Lana Turner, who had wowed audiences and earned her “Sweater Girl” nickname in her debut film, They Won’t Forget (1937), makes her strongest impression yet in Love Finds Andy Hardy, though Cynthia doesn’t impress Andy as much more than “an installment on a car.” Andy does delight when he discovers the one thing that the “red headed vampire” likes to do is kiss, but that’s far more sport than passion and Andy practically chokes when during their latest man-to-man the Judge asks if it’s “Object matrimony?”
While his wife and sister-in-law are off tending to their ill mother Judge Hardy does manage to retain a good deal of his usual spotlight.
Love Finds Andy Hardy opens with the Judge sentencing 12-year-old joyrider James MacMahon, Jr. (Gene Reynolds) to 90 days labor for the farmer whose tractor he damaged. Later he seeks the same boy’s aid when he wants to get in touch with wife Emily via ham radio.
The Judge, who is given the opportunity to reflect on the coming of automobiles and planes in conversation with Andy and later scolds his wife that the “Telegram is here to stay,” has opportunity to be amazed by modern technology himself when Jimmy MacMahon makes contact with another boy in Canada via his ham set.
“12 years old. I wouldn’t believe it,” Judge Hardy says before somewhat ominously adding: “Heaven only knows what this generation has coming.”
Not to worry, Judge, it isn’t coming in this series!
Directed by series regular George B. Seitz Love Finds Andy Hardy presents a tight story with barely a wasted moment moving at a brisk pace despite being the longest entry in the series to date at 91 minutes. While regular characters such as those played by Cecilia Parker, Fay Holden and Betty Ross Clarke have even less to do than usual the added attraction of Judy Garland will keep you distracted from ever noticing their lack of screen time.
With all that it has going for it Love Finds Andy Hardy sprinkles in one more element in its Christmas finish. While Christmas may be mostly in the background, a future date on the calendar we watch Andy mark days off of through most of the movie, Love Finds Andy Hardy would still likely be remembered as a Christmas classic if its holiday theme wasn’t usurped by Judy Garland’s inclusion as Betsy Booth and the important pre-Wizard place this film holds in Garland’s career.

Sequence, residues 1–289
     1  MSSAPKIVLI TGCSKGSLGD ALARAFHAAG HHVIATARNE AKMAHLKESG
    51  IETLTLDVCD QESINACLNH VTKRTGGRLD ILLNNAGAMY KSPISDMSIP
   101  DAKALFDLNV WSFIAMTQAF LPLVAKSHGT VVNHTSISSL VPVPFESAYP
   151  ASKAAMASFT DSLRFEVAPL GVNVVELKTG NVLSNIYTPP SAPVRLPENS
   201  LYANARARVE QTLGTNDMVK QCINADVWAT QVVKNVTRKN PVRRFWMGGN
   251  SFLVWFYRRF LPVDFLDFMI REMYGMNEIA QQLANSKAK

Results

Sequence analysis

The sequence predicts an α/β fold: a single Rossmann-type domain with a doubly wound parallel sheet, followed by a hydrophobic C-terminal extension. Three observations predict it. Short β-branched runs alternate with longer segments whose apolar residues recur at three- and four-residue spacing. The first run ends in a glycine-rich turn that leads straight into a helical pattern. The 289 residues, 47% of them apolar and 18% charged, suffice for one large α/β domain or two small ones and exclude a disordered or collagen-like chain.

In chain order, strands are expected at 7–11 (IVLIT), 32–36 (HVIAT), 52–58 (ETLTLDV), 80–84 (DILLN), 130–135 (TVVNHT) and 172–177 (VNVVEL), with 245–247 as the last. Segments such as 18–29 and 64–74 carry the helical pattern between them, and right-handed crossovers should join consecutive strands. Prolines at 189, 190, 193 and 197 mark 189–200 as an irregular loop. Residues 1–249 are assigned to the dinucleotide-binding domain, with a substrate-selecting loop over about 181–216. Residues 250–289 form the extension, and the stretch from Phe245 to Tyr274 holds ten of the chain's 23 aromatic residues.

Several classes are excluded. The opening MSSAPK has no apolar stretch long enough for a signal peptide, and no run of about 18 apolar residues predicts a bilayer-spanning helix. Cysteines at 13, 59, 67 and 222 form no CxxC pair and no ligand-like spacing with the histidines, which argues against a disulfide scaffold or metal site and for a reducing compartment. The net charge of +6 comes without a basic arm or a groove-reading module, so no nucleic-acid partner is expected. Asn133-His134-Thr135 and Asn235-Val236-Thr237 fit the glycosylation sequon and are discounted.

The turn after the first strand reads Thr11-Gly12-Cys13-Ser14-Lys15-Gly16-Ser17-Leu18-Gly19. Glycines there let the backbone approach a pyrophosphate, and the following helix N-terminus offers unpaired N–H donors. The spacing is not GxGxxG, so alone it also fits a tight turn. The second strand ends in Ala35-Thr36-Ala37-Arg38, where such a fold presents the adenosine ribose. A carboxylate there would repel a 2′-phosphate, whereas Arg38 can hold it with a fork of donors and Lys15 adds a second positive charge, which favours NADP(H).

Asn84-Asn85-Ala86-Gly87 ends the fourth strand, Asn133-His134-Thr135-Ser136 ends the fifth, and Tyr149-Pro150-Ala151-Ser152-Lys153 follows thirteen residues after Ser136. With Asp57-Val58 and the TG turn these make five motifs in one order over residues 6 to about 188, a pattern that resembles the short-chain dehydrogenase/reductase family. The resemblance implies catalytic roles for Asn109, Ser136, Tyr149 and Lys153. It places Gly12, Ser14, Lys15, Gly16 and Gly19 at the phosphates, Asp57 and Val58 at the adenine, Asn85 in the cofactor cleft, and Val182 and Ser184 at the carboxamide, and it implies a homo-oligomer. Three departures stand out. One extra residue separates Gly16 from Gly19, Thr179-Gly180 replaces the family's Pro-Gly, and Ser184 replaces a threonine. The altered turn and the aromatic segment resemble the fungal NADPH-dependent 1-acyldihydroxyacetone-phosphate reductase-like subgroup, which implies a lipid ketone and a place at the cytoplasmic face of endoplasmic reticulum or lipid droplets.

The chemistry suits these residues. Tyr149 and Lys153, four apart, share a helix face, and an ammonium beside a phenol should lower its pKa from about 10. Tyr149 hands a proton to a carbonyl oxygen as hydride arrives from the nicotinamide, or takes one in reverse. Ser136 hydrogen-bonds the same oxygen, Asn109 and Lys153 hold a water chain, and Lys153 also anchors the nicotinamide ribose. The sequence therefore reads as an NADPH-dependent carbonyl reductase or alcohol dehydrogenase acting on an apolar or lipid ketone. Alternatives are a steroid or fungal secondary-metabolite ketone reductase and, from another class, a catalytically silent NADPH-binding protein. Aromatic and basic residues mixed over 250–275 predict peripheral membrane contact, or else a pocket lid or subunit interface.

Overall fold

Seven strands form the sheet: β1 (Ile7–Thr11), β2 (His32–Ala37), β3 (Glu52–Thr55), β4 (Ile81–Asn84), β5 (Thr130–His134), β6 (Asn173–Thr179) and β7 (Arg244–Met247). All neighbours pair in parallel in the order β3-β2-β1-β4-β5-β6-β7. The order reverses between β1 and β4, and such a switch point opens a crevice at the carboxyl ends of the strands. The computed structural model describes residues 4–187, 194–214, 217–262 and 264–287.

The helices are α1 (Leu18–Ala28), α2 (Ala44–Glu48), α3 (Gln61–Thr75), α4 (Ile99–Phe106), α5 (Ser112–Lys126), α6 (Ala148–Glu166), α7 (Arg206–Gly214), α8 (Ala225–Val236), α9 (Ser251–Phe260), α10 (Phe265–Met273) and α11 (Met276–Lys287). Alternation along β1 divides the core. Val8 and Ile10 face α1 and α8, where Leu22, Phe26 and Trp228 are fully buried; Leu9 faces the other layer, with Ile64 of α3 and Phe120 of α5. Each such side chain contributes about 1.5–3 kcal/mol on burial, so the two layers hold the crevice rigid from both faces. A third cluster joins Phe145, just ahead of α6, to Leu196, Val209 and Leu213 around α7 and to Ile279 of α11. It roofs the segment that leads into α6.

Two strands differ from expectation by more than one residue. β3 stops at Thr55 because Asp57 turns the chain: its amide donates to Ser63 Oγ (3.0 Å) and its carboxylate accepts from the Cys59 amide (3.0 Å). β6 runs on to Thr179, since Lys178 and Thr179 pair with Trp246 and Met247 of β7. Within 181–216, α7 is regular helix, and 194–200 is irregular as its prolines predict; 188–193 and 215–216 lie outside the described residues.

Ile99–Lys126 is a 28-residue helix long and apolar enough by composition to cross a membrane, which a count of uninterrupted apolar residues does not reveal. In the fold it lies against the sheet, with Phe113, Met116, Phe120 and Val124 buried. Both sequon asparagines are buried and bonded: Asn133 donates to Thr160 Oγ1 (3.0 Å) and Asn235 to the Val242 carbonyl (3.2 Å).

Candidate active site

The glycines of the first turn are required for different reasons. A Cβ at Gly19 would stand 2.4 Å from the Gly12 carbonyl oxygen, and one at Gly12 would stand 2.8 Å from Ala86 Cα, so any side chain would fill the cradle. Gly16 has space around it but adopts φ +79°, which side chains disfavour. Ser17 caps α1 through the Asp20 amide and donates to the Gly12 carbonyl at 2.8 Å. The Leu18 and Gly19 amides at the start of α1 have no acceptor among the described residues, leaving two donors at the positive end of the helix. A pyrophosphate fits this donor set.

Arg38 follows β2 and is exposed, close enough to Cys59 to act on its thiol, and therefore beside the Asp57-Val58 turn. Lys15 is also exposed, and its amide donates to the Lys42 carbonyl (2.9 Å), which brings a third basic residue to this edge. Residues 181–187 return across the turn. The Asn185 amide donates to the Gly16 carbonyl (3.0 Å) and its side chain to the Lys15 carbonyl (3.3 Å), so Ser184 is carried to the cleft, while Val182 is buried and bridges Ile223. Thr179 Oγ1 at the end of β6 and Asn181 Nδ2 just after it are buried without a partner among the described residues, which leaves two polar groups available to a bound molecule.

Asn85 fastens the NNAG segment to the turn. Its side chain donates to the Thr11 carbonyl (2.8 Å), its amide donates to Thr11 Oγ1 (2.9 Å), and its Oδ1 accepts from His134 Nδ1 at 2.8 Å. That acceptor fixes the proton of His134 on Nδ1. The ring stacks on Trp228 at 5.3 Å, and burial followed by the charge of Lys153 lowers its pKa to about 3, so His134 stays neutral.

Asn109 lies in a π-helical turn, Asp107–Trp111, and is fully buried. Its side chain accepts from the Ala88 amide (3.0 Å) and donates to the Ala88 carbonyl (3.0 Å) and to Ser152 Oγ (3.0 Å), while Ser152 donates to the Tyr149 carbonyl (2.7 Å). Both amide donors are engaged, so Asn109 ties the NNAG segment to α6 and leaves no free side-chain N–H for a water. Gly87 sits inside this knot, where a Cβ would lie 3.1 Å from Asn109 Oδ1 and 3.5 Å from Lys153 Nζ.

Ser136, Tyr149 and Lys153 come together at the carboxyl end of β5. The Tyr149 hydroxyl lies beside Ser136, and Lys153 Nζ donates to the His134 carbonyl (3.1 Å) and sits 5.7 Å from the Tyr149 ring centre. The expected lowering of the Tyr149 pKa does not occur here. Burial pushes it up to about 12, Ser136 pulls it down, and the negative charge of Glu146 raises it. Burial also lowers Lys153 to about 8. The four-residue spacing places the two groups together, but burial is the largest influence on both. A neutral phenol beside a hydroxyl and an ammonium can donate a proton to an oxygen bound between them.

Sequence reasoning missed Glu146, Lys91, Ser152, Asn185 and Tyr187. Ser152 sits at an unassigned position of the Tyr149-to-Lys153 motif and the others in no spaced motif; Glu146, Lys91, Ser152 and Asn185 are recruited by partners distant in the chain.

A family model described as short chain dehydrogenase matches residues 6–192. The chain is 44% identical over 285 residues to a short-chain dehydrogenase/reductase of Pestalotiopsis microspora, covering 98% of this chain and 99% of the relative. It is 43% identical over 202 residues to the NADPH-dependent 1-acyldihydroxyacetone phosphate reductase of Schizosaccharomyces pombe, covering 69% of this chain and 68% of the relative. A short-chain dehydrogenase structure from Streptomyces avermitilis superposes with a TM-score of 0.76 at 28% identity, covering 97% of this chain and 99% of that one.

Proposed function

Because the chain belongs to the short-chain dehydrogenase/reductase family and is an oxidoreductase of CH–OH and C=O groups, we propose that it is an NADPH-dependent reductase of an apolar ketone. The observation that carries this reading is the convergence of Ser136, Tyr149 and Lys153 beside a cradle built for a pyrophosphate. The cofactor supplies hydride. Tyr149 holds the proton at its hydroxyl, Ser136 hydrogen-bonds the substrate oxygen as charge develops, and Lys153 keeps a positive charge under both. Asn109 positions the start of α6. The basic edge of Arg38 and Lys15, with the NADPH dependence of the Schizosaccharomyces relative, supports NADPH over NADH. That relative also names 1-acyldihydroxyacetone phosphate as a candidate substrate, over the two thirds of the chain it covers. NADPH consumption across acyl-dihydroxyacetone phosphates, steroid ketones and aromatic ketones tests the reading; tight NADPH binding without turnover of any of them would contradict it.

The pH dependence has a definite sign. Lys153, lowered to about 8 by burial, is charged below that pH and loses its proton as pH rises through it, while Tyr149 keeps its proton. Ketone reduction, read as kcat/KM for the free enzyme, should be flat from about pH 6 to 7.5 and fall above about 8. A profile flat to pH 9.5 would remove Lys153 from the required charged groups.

Love Finds Andy Hardy was a hit in its own day as well. Scott Eyman writes that “The film exploded … The gross was $2.2 million worldwide, $1.6 million of that domestic, with a net profit of $1.3 million” (325). Mickey Rooney notes that those numbers made it “one fourth of MGM’s total profit for the 1937 season” and parenthetically adds that MGM wound up profiting “$111 million—in 1937-1946 dollars” on the 15 of the Hardy family titles that fell into that time frame (86).
Love Finds Andy Hardy was released on DVD as part of the now out-of-print (and thus quite pricey) Judy Garland Signature Collection. Many third party sellers on Amazon have split that set thus making the individual Love Finds Andy Hardy DVD available at a more reasonable price. The title also airs on Turner Classic Movies with it’s next showing coming this Christmas night at 8 pm EST.
Coming next: MGM's Hardy Family Series #5 - Out West with the Hardys (1938)
- Eyman, Scott. Lion of Hollywood: The Life and Legend of Louis B. Mayer. New York: Simon & Schuster, 2005.
- Fricke, John. Judy: A Legendary Film Career. Philadelphia: Running Press, 2010.
- Rooney, Mickey. Life is Too Short. New York: Villard Books, 1991.
R.A. Kerr says
Boy, that Andy Hardy really gets around!
Cliff Aliperti says
Almost as much as Mickey Rooney did himself!